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Regulation and the Financial Markets

Deregulation and the Financial Crisis

Some believe that the deregulation of the financial markets, particularly the repeal of the Glass-Steagall Act (that kept commercial banks from competing in investment banking and investment banks from competing as commercial banks), played a role in the recent financial crisis. Despite the fact that many of the players in that crisis were commercial and investment banks, it’s not clear that repeal of Glass-Steagall had a major impact on the crisis. 

What is clear is that there is enormous bi-partisan blame to be spread around over the roots of the financial crisis of 2008.  At its core, the crisis was caused by the housing bubble. The housing bubble was caused or exacerbated by: low interest rates maintained by the Federal Reserve Bank (supported by both parties); inadequate regulation of the banks and other financial institutions by the Fed (supported by both parties); lax lending policies promoted by Fannie Mae and Freddie Mac (supported by both parties); conflicts of interest and bad analysis at the rating agencies; compensation policies at banks and other financial players that failed to provide appropriate long-term incentives to manage risk responsibly; and bad behavior on the part of lending institutions and borrowers.

There may be a role for regulation to play in preventing such a crisis in the future but it is not clear we are getting the appropriate kind of regulatory remedies out of the current partisan bickering. While some kind of regulatory reform may be essential in financial markets, and in other areas, it needs to be remembered that the three most troubled markets in America are housing, education, and medical care. These markets are all as troubled as they are, in large part, because of the degree of government involvement in these markets. This is not an argument for a libertarian state free of government regulation, but a reminder that government intervention does not always result in superior outcomes.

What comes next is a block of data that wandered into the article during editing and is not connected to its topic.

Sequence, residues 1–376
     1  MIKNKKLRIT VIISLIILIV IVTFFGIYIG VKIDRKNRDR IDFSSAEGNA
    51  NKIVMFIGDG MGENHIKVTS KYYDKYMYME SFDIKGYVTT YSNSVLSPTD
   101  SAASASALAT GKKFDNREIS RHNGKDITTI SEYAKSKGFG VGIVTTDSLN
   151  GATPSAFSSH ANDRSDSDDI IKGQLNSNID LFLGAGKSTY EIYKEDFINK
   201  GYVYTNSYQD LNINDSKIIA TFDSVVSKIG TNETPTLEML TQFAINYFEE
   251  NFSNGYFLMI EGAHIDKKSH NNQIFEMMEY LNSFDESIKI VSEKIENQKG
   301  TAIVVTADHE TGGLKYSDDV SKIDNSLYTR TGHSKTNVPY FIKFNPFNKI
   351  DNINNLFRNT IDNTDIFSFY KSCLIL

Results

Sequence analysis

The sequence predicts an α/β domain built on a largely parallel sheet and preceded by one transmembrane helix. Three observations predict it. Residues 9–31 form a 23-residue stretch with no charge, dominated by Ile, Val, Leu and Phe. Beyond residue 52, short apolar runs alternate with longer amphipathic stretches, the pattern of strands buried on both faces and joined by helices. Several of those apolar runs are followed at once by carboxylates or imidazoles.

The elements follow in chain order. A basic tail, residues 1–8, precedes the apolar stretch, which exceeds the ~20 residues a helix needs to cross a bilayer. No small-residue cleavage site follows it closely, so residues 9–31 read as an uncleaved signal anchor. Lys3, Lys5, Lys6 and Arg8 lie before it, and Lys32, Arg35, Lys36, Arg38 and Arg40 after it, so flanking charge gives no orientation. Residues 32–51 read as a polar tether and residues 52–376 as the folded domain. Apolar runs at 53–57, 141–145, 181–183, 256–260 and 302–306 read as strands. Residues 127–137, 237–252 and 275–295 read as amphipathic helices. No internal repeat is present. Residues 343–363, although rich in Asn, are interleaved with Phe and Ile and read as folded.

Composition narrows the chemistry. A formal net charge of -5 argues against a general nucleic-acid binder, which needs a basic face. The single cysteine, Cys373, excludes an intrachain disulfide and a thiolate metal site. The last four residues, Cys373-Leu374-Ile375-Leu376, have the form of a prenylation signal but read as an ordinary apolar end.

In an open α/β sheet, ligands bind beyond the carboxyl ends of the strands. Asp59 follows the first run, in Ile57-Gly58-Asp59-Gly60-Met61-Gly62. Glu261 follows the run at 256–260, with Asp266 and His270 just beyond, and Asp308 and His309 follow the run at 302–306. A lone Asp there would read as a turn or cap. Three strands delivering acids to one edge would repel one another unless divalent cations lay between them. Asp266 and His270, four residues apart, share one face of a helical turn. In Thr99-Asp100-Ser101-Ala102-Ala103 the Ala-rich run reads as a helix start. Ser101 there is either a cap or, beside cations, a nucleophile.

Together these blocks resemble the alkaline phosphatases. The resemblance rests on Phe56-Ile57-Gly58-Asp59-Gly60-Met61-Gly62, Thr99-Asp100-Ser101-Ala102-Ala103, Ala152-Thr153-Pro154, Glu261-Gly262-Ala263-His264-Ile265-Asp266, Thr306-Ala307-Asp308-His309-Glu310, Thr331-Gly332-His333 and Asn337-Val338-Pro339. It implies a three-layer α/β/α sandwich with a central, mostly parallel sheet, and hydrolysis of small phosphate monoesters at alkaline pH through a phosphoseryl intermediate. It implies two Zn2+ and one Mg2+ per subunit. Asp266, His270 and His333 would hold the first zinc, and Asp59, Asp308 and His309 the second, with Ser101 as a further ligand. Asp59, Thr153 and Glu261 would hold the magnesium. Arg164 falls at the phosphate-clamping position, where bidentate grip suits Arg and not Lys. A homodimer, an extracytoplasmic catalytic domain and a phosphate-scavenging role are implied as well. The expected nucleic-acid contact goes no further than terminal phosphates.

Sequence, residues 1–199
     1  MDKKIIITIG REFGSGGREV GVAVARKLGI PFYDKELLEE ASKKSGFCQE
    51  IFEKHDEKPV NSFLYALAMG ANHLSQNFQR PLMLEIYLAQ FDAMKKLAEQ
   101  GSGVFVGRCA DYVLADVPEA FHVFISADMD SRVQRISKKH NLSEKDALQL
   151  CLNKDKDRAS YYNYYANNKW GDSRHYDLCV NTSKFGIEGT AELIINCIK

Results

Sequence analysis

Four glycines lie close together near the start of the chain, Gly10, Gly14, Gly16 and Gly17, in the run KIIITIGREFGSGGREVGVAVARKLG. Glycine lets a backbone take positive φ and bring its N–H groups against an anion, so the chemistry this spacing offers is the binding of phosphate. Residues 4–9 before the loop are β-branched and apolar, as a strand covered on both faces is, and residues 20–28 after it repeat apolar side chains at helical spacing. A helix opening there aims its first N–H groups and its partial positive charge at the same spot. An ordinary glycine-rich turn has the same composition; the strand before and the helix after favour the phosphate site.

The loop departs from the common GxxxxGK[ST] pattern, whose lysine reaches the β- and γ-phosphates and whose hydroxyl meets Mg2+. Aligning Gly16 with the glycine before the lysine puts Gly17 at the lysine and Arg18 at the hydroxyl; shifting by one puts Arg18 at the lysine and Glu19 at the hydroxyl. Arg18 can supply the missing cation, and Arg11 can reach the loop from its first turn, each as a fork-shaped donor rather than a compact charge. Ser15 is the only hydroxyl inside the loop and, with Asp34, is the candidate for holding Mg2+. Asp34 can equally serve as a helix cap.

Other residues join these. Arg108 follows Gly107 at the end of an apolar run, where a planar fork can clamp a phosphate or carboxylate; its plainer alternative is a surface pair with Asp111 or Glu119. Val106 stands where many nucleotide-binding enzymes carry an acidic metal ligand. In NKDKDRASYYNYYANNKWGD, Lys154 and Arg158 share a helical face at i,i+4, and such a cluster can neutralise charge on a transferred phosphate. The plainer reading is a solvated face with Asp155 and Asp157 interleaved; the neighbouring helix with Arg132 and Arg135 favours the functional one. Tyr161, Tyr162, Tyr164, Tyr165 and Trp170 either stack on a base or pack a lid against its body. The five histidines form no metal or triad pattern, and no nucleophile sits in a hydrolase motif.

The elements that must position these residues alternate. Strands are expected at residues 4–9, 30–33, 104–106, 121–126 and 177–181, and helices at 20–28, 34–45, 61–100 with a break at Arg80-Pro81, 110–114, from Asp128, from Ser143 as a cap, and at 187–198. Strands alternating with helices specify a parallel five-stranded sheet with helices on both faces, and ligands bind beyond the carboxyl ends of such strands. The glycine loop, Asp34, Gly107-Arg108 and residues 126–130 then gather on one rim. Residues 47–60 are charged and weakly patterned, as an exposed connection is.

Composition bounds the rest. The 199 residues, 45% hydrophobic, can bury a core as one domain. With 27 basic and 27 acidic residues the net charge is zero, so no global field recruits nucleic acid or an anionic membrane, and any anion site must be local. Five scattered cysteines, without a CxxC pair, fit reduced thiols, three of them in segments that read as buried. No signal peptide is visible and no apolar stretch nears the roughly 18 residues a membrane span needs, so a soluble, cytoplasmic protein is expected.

Too Big to Fail

One key issue to be resolved is the doctrine of “too big to fail” that led to the massive intervention in capital markets known as TARP, the Troubled Asset Relief Program, (or the “bailout”). We don’t know if the intervention was a good idea or not. Unless we repeat the same events, and do not intervene in the markets, we are unlikely to ever know.

It is interesting that, although the authorized amount for TARP was $700 billion, the ultimate cost to taxpayers for this program appears to be around $19 billion. While that is by no means trivial, it is only slightly more than the cost of the taxpayers of bailing out GM and Chrysler. It is difficult to say what the consequences of not doing TARP would have been, but the stakes were very high for the U.S. and world financial markets. In the case of the GM and Chrysler the stakes were quite a bit more predictable. If these firms had simply gone through Chapter 7 bankruptcy, their assets would have been purchased by Ford, Toyota, Nissan, Honda and other solvent automakers. The shareholders of GM and Chrysler would have been wiped out, but they were anyway. The big losers would have been the bond holders for these companies and the auto unions. The auto industry would still exist in the U.S., the physical assets would still be used, and U.S. workers would still operate them. But the union contracts would have been voided and along with them significant union medical care and pension benefits. While the case for intervention in the financial markets is debatable, the case for intervention in the auto industry was not. The later was a largely politically motivated transfer of wealth from the taxpayer to unionized labor in the auto industry and the bondholders. GM and Chrysler were not "too big to fail," the auto unions were too powerful to be ignored.